At the first snack vendor we came to after the ferry, most of us had bought water and pop and chips—our usual fare when we didn’t have Abhi with us to warn us what was safe to eat and what was not. Before we had even reached the tarp-shaded stairway, a crow had swooped down on Liam, normally an even-tempered and fun-loving song-writer from London, and taken an entire bag of potato chips he’d just opened right out of his hands and flapped away with it. He was not amused. Then, when we emerged  from the blue shade into an open area at the top of the stairway, a colony of aggressive monkeys came at us and one grabbed Liam’s open bottle of pop, not only “stealing” it but also drenching him, and leaving him with no snacks or fluids. By that point we were all worried about the monkeys (there were signs to warn us that they could be nasty), but we carried on.

Fortunately, the Elephanta Caves are both remarkable and cool – and, best of all, the monkeys seemed disinclined to come inside them. The columns and the carvings of gods and humans and animals within the caves date from between the sixth and seventh century, one group of them carved by Buddhists and another by Hindus. Some were damaged when the Portuguese arrived (a perhaps-apocryphal tale says that they fired a canon into the caves to ensure that the structure was stable and destroyed a lot of the carved columns in the process).

After about half an hour of touring the caves, which did not do them justice, we descended again to the docks and returned to the mainland. It was by now late afternoon, but on the way back to our hotel we took a bit of time to check out the Chhatrapati Shivaji Terminus, which—modelled after St. Pancras Station in London—is magnificent, elaborate and huge. Outside, I ran into Naj and Mark and as the three of us stood snapping photos I thought about how interesting it was that all three of us came from countries that had been “colonized” by the British to various extents (they are from Australia and Ireland respectively, and I’m Canadian), and that there we were in India – which has also had more than its share of British rule. Still, the Brits did know how to build a spectacular building (and railway system, for that matter).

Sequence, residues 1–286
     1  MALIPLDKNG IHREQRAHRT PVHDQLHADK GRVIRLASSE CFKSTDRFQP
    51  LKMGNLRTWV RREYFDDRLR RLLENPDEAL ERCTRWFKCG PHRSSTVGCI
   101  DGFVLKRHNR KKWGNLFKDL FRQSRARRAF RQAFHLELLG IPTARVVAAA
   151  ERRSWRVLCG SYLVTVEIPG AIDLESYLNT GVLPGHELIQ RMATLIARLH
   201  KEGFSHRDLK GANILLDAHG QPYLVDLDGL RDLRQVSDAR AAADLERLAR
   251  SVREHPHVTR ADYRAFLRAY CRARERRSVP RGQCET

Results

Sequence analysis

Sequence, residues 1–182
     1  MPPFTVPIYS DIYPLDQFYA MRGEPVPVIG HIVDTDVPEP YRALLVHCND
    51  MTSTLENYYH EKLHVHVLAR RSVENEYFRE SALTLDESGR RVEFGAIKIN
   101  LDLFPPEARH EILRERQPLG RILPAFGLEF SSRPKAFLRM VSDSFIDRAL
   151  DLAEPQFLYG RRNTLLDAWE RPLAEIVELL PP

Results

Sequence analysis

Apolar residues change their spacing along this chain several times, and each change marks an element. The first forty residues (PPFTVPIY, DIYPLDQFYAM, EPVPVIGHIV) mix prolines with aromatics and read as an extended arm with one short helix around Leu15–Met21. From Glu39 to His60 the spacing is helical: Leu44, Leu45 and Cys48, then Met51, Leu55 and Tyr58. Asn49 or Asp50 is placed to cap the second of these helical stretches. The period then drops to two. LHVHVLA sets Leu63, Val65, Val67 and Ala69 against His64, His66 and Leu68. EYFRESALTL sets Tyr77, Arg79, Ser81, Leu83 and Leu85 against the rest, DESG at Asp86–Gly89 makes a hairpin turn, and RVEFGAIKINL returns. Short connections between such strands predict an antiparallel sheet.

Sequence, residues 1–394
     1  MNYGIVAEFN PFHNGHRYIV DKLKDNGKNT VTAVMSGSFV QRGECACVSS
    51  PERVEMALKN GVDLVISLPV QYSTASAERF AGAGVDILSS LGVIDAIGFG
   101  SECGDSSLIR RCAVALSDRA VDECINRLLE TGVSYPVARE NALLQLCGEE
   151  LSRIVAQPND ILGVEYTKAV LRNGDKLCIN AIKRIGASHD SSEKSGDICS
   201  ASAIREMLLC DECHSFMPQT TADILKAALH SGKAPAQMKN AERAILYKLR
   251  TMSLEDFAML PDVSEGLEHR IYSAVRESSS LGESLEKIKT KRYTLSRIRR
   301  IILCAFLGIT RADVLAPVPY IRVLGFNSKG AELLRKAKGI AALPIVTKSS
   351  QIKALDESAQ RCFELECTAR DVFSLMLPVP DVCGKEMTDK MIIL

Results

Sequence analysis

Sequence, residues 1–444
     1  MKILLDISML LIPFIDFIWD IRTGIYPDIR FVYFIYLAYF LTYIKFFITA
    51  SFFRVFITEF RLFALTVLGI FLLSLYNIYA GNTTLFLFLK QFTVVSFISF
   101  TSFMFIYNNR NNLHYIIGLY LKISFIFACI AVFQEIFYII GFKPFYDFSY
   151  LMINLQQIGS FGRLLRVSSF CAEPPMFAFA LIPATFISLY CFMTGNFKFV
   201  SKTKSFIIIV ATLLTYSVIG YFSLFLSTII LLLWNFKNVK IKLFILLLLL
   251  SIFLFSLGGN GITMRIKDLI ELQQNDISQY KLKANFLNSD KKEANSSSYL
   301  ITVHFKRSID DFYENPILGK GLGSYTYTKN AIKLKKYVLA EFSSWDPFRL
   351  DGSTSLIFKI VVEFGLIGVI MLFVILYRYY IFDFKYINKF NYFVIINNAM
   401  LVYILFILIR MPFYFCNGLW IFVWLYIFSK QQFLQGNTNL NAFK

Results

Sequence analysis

I Bid Adieu (but not Farewell) to The Albatross

The Albatross, on arrival in Toronto (I whited out my street address so no one sends me any other albatrosses)

At the General Post Office (GPO) in Mumbai, I finally got rid of the package that so many of us have now come to know as “The Albatross.” I promise the “big reveal” of photos of its contents in the final installment of this blog. (I’m not being coy. I simply can’t bring myself to open it, even though it has now been sitting in my living room for two weeks.)

As I mentioned several months ago, I had read in my Rough Guide: “Sending a parcel from India can be a performance. First take it to a tailor to have it wrapped in cheap cotton cloth, stitched and sealed with wax. Next, take it to the post office, fill in and attach the necessary customs forms, buy your stamps, see them franked and dispatch it. Surface mail is incredibly cheap and takes an average of six months to arrive – it may take half or two times that, however.”